Protestors stormed Exclusive Books in Sandton City on Tuesday night, disrupting the launch of Pieter-Louis Myburgh’s new book, Gangster State. The protestors, some of whom wore ANC t-shirts, seized copies of the book and tore them up. They refused to leave even after security arrived.
The book claims to expose the network of state capture under ANC secretary general Ace Magashule. While one would expect, even welcome, constructive, well-supported criticism and rebuttals of the grave allegations made by the author, the actions by the protestors indicates much more than an unwillingness to entertain arguments other than one’s own. Their actions clearly show a drive to take active steps to silence any thoughts which are anathema to their own.
Freedom of expression is very easily lost. We take it for granted, and perhaps in some ways we think we’ll always be able to say what we like. We are in for a very rude awakening. Freedom of expression has most assuredly not been the rule throughout human history. There have been pockets of expression, but it only became entrenched, and highly valued, through the liberal tradition.
The destruction of books, and the threat to burn them, shows that some people will no longer subscribe to the rule of law. They will not allow any criticism, however well-substantiated, of their leaders, of those they deem above the normal rules which apply to us lowly citizens. Freedom of expression cannot exist for some and not for others – for the concept to have any substantial meaning each and every individual must be allowed to speak his or her mind, regardless of the offense it may cause.
Speaking on Karima Brown’s show on Talk Radio 702, the ANC’s Dakota Legoete said that the ANC fully condemns the actions of the protestors. The man at the centre of the allegations, Ace Magashule, on Wednesday also distanced himself from the protestors’ actions, saying that:
“The Constitution and laws of the country allow for channels to follow when we disagree with information and ideas, whether in books or the media. I have indicated to my organisation that I am pursuing legal action against the false allegations made in the book.”
While the words from both ANC representatives are encouraging, we have to see whether any of the protestors are disciplined. Only strong measures and actions against them will stop this problem before it becomes a much wider, entrenched phenomenon.
While some within the ANC have condemned the destructive actions of the protestors, the Free State ANC Youth League’s provincial secretary, Reagan Booysen, has said that the organisation plans to go ahead with its planned burning of Gangster State next Monday. While condemning the actions of the protestors on Tuesday, Booysen said that their book burning is different from what happened at Exclusive Books because theirs is a “planned event”. According to his logic, if one at the very least plans something immoral, that is more than adequate justification.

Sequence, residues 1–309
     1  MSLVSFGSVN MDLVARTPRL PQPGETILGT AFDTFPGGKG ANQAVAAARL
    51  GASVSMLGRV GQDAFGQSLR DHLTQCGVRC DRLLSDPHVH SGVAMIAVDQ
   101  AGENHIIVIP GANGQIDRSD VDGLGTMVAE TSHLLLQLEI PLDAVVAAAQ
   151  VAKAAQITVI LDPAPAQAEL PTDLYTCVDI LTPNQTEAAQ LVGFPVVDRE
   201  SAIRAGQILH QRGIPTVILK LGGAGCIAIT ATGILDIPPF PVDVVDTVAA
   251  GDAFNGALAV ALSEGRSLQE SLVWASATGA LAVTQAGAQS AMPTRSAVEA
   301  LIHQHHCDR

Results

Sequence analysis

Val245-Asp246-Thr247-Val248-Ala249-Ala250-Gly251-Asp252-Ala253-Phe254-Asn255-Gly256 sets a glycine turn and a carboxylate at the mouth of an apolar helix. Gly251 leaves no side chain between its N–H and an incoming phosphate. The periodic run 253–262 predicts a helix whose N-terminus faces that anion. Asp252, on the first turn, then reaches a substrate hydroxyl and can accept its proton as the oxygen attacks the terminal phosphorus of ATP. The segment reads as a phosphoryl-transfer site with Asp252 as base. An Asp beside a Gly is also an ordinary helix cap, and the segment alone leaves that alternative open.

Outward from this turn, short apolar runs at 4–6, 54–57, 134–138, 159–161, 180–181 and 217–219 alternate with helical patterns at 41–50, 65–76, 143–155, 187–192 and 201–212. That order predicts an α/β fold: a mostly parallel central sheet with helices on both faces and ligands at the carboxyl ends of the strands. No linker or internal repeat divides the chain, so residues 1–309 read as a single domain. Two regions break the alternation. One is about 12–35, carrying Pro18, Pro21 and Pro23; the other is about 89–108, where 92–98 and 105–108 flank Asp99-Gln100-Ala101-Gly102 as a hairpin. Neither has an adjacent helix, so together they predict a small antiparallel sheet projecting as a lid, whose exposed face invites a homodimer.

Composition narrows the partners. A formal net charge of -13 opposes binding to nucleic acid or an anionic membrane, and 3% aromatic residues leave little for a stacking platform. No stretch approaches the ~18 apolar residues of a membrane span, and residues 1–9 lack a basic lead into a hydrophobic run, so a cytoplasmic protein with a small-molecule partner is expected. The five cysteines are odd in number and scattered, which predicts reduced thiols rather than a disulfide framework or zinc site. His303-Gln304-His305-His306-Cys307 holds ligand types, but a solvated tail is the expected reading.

Booysen also said, “Our event is different because we are saying people need to burn those books as there is no truth in that book and there is a lot of contradictions in that book.”
Let us accept his contention that there is no truth in Myburgh’s book. If Booysen firmly believes what he is saying, he should be more than willing for the book to be read and examined widely. Magashule is fully within his rights to pursue legal action against Myburgh. Let the arguments and thoughts in the book stand or fall on their own merits. There is nothing that more clearly indicates a lack of true conviction in the merit of your own argument than to attempt to silence any argument different from what you believe.
We have witnessed a steady chipping away of freedom of expression on university campuses in the West, and this is filtering through into broader society. The trends amongst intellectuals, for better or worse, provide a portent for the directions in which society will eventually move. Ideas precede, and predict, people’s actions. When people are only allowed to speak based on their race or gender, accidents of birth, we have freedom in name only.
If we really want free people who can live their lives as they see fit, and not only pay lip-service to the idea, we need to accept that some people will have ideas with which we are uncomfortable. It is up to each person to engage with ideas and assess on their own what they agree or disagree with. The silencing of ‘offensive’ content is a necessary element of any authoritarian state: Those in control cannot attain their utopia if anyone holds, and advocates for, ideas which stand in opposition to theirs.
The Apartheid regime burnt books in their thousands. The Nazis very quickly burnt books and silenced their critics. Communist regimes only survive insofar as they can destroy ideas which may encourage people to think and live freely. All of these regimes were philosophically collectivist, and collectivism cannot allow any dissent from groups or individuals outside of those in power.
What comes after the destruction of books and the arguments they contain? Silencing of the authors who conceptualised those arguments. If you are not free to think, you are not free to live.